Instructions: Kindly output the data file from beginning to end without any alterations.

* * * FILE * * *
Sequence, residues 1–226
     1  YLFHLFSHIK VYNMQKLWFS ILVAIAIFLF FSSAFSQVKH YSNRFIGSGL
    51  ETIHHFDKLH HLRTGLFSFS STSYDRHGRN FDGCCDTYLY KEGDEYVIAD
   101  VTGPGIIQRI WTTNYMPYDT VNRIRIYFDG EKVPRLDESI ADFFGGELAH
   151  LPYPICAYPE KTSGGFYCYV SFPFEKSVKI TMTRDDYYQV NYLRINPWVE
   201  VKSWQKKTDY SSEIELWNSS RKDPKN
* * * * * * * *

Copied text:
Sequence, residues 1–226
     1  YLFHLFSHIK VYNMQKLWFS ILVAIAIFLF FSSAFSQVKH YSNRFIGSGL
    51  ETIHHFDKLH HLRTGLFSFS STSYDRHGRN FDGCCDTYLY KEGDEYVIAD
   101  VTGPGIIQRI WTTNYMPYDT VNRIRIYFDG EKVPRLDESI ADFFGGELAH
   151  LPYPICAYPE KTSGGFYCYV SFPFEKSVKI TMTRDDYYQV NYLRINPWVE
   201  VKSWQKKTDY SSEIELWNSS RKDPKN